If you're going to make your living as an artist, you're going to have to pay for training.
Grad school is one option, though it seems expensive, it's the easiest because your competition has degrees and all the connections that come with it. Those folks have spent 2-3 years working on their craft 6 days a week, 8-10 hours a day while performing. In their final grad school years, they're meeting with all of the industry agents, managers and CD's, so that right after their New York showcase, they are picked up by agents and managers because all the Casting Directors and Network folks already know them. That's what you're up against and why it's so hard to even get seen without an MFA in NYC. The good news is becoming a working artist is not some mystery or sheer good luck. It's a business strategy. You need to have what your competition has, lots of training and performance experience and industry contacts. It's no different from becoming a lawyer or a doctor, you have to play the game as it exists. You can create a career in which you pinpoint which part of the industry you want to work in and then get teachers and mentors to coach you privately to develop the skill-set for your desired place in the industry. You're not accruing tons of student loan debt, but instead paying as you go to acquire specific skills. How long do you train with folks? Well, if your competition has 3 years of training on you, then you need to mirror that in your private training. The good news is that you can focus your private training on one area of the industry. (i.e. acting for film, classical theatre, acting for primetime TV). The second most important thing is to study with folks who can give you a solid technique, so that you show up with the same finely honed performance night after night or take after take. That requires training and technique. In order to figure out who to study with. Look at folks who are doing what you want to be doing in the industry right now. If you want to be doing all August Wilson plays and your teacher has never acted in an August Wilson play, then you're wasting your money. If you want to write, act and produce your own work and your teacher has not done that, they cannot help you get to where you want to be in the industry right now.This is uber important and the piece no one taught me in grad school because my teachers hadn't worked in the industry in 30 years. So they all told me to buy some hair, some nurse/maid outfits and go into auditions. Huh? Whereas, immediately after my showcase, I booked 3 jobs back to back with some silly extensions in my hair and each Casting Director and Director asked me to cut it and wear my hair my own little afro which is the way I had been wearing it since the first day of grad school. Nor did anyone have any idea of how to teach me how to use August Wilson's language or the camera in the audition room and the difference between single cam and multi cam. And these were all the places where black women in my type were building huge careers. Lesson: make sure your teacher knows what the hell is going on in the industry right now.Finally, the third step is if you think you can't afford teachers or grad school, then find master directors, actors, writers, producers and offer to work for them for free in return for on the job training. But guess what, you'll need to work for free for 3 years just like grad school. So you're going to pay money or time for the training, but I promise you, it won't be luck that keeps you working or lands you that first job. It will be time, hard work and effort. You will succeed. You can't put that much blood, sweat and tears into the universe without the love coming back to you. This is not luck, this is not a shot in the dark, this is a business that if you invest in yourself, the business will invest in you.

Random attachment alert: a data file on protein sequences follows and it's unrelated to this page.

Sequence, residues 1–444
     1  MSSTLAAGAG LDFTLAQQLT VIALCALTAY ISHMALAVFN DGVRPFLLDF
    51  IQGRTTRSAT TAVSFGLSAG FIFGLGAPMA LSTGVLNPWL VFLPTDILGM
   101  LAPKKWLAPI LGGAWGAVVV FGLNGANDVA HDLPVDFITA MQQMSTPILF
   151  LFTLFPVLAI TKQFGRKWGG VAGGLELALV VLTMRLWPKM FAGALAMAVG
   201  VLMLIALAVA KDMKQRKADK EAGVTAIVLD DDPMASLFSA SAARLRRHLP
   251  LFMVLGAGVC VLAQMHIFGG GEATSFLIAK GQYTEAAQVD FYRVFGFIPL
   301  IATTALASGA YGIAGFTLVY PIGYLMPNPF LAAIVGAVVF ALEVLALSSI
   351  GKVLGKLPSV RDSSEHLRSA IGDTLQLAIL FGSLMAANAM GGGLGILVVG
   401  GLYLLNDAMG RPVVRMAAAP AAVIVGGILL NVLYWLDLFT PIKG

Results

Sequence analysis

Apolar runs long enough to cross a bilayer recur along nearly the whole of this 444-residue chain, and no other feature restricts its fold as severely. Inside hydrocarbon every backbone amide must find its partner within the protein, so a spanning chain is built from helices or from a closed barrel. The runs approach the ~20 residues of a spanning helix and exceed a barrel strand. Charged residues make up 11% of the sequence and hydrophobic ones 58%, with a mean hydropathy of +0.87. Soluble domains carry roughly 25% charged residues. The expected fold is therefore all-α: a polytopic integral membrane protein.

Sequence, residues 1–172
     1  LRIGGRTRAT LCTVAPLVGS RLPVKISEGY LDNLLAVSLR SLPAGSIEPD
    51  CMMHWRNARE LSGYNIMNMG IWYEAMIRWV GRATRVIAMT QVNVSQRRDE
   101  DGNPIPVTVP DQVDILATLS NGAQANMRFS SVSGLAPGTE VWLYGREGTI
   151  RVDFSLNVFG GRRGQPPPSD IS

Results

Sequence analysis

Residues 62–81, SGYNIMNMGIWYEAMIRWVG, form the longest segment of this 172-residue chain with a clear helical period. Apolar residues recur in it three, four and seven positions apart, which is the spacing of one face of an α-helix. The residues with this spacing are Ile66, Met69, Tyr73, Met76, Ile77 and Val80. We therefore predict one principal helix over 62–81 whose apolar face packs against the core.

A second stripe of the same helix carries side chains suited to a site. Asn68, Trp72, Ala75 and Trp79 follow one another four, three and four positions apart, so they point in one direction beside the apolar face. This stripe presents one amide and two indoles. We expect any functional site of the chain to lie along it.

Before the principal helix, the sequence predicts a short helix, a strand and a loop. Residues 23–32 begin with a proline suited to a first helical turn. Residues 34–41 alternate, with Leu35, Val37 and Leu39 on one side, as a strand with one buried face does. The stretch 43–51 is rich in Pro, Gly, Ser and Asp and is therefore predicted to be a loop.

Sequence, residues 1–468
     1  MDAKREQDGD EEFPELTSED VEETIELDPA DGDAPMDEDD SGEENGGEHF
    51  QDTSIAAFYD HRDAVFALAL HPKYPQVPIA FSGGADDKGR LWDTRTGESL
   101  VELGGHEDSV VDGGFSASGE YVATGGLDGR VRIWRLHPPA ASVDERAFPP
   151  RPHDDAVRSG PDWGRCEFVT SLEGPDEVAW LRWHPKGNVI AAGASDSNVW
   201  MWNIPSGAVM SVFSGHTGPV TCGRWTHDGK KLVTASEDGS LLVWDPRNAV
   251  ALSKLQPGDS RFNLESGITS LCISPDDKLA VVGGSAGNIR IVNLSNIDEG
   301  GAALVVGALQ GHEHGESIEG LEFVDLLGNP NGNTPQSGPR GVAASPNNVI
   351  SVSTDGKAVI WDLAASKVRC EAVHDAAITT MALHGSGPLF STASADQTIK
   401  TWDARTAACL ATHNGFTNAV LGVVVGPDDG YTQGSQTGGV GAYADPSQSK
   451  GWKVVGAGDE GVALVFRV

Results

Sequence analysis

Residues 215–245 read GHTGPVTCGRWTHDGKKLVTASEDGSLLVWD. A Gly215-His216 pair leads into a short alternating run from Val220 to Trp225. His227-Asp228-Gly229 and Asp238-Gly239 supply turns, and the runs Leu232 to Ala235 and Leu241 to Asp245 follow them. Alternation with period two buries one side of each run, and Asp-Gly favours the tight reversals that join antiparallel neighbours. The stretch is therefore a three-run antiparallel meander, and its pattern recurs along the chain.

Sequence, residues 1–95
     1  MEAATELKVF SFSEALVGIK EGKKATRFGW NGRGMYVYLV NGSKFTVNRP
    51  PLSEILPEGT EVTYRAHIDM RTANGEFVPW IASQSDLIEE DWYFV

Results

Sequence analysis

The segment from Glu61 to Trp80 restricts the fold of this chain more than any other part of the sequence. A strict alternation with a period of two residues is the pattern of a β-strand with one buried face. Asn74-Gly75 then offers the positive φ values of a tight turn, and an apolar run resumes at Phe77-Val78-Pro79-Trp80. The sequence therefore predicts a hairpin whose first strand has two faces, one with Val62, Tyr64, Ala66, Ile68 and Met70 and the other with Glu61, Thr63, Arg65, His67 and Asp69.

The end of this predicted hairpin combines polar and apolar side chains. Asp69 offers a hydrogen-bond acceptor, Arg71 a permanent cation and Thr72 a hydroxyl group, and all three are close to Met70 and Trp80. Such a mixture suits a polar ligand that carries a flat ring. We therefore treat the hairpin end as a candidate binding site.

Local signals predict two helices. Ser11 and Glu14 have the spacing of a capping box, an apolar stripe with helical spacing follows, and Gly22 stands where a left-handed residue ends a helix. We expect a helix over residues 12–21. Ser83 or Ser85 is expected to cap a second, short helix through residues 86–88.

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April Yvette Thompson